See https://developer.mozilla.org/en-US/docs/Web/API/Event for an overview of the standard DOM events and their properties.

Filtering Events

It is sometimes not appropriate to send all DOM events to the server, but instead determine whether to send an event based on something related to the event. To achieve this, you can add define a filter in the @DomEvent annotation.

@DomEvent(value = "keypress", filter = "event.key == 'Enter'")
public class EnterPressEvent extends ComponentEvent<TextField> {
    public EnterPressEvent(TextField source, boolean fromClient) {
        super(source, fromClient);
    }
}

The filter definition is run as JavaScript in the browser with the DOM event available as event and the element to which the listener was added available as element. See the docs for DomListenerRegistration.setFilter for more information about how the filter is used.

Limiting Event Frequency

Some kinds of events are fired very frequently while the user is doing something, like text input events while the user is typing. The rate of sending events to the server can be configured using different debounce settings in the @DomEvent annotation. Debouncing always requires a timeout in milliseconds and one or several phases of a burst for which an event should be sent to the server.

  • Listening for the LEADING phase means that an event will be sent to the server at the beginning of a burst, but subsequent events will be dropped until one timeout period has passed without any new events. This may be useful for things like button clicks if you want to prevent accidental double submissions.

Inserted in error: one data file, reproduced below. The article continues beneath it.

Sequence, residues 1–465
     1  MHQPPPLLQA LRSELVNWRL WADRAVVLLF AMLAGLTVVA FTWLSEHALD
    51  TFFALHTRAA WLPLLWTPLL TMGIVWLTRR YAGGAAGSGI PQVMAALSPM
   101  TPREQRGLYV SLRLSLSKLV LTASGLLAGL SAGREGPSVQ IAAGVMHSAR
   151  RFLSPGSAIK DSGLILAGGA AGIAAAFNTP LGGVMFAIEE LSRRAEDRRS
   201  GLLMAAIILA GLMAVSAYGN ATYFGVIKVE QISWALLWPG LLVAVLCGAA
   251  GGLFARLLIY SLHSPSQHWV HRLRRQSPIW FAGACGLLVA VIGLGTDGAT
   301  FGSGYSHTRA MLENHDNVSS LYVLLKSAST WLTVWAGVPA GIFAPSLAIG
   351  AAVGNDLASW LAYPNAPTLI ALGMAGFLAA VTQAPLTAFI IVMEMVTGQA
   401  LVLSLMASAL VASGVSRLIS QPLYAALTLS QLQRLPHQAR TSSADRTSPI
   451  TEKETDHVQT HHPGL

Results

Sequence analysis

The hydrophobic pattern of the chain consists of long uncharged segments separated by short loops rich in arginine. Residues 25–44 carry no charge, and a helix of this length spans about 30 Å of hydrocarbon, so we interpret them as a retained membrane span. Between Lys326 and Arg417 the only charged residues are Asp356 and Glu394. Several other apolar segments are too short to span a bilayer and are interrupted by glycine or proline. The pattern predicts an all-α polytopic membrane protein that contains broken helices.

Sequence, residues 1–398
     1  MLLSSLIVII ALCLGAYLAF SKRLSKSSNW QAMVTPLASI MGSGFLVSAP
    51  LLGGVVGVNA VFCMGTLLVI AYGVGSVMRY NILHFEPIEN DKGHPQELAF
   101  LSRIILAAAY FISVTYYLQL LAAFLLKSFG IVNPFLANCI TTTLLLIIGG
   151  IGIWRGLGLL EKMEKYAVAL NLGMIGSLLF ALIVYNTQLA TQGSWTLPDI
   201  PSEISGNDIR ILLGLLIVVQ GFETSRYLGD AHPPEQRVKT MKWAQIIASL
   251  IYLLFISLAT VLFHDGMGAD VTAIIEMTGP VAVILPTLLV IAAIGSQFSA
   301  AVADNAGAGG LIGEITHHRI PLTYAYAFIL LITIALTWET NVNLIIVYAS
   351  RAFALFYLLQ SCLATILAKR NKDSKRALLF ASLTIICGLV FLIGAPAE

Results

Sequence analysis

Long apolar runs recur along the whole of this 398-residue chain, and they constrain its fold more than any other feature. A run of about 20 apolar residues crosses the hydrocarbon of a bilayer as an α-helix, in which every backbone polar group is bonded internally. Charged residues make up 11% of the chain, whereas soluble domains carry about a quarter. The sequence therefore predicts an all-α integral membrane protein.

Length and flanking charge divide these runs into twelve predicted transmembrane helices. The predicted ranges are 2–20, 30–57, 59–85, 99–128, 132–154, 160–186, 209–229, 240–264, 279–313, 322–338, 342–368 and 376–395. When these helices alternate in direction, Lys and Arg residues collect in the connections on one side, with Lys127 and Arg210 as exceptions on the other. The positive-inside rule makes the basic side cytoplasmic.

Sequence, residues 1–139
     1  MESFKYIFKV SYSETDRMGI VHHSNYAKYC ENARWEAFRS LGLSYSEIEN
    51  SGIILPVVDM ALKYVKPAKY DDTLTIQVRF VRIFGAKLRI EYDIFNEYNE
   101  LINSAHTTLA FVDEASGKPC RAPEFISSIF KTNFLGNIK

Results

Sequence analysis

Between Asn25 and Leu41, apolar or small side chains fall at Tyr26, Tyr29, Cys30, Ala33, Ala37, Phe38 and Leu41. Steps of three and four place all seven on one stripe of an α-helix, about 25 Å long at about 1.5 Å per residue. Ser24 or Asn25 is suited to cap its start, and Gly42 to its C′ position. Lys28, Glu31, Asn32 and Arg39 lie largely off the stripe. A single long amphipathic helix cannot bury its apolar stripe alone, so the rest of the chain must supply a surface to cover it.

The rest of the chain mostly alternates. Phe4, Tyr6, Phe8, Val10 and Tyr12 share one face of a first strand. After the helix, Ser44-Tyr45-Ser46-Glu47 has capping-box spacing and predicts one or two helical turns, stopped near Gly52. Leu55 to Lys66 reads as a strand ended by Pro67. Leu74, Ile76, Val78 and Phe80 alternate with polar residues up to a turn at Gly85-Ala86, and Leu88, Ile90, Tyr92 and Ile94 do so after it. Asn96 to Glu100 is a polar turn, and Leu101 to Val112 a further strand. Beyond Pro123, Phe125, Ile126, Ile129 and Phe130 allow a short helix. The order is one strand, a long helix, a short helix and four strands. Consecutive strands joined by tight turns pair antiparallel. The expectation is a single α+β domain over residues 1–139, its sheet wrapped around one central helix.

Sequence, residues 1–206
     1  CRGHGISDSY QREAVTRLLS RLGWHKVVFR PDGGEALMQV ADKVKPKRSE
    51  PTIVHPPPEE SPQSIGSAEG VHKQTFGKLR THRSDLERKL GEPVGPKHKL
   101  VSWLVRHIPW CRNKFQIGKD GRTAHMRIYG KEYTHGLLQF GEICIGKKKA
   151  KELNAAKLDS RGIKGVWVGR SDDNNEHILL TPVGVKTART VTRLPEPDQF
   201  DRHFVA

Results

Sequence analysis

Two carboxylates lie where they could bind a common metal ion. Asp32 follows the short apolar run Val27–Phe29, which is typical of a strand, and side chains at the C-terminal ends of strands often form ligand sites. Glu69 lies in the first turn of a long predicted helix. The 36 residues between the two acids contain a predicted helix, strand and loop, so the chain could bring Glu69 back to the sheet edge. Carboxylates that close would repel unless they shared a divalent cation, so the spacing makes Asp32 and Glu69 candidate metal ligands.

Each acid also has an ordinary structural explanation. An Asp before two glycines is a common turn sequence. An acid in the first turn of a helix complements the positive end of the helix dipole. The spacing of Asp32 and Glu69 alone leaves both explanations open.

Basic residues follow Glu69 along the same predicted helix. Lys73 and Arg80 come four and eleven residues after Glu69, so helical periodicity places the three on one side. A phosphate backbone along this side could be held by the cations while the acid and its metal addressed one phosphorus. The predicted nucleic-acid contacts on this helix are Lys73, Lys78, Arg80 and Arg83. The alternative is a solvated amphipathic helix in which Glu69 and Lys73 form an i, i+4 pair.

• With the INTERMEDIATE phase, there will be periodical events to the server while a burst is ongoing. Another event will not be sent to the server until the timeout period has passed since the last event was sent. This may be useful for tings like text input if you want to react continuously while the user is typing.

  • The TRAILING phase is triggered at the end of a burst, when the timeout period has passed without any further events. This may be useful for things like text input if you want to react only when the user stops typing.

In this example, an input event will be sent to the server when the user has been typing, but there has been half a second since the last time some input was made.

@DomEvent(value = "input",
          debounce = @DebounceSettings(
              timeout = 250,
              phases = DebouncePhase.TRAILING))
public class InputEvent extends ComponentEvent<TextField> {
    private String value;

    public InputEvent(TextField source, boolean fromClient,
            @EventData("element.value") String value) {
        super(source, fromClient);
        this.value = value;
    }

    public String getValue() {
        return value;
    }
}

You can configure your event to be active for several phases at once, e.g. to both receive an event for the LEADING phase immediately when a burst starts but also INTERMEDIATE events while the burst goes on.

@DomEvent(value = "input",
          debounce = @DebounceSettings(
              timeout = 500,
              phases = {DebouncePhase.LEADING,
                        DebouncePhase.INTERMEDIATE }))
public class ContiniousInputEvent extends ComponentEvent<TextField> {
    private String value;

    public ContiniousInputEvent(TextField source, boolean fromClient,
            @EventData("element.value") String value) {
        super(source, fromClient);
        this.value = value;
    }

    public String getValue() {
        return value;
    }
}

See the docs for DomListenerRegistration.debounce for more information about how the filter is used.

Note
If both filter and debounce are configured at once, only events that pass the filter are considered when determining whether a burst has ended.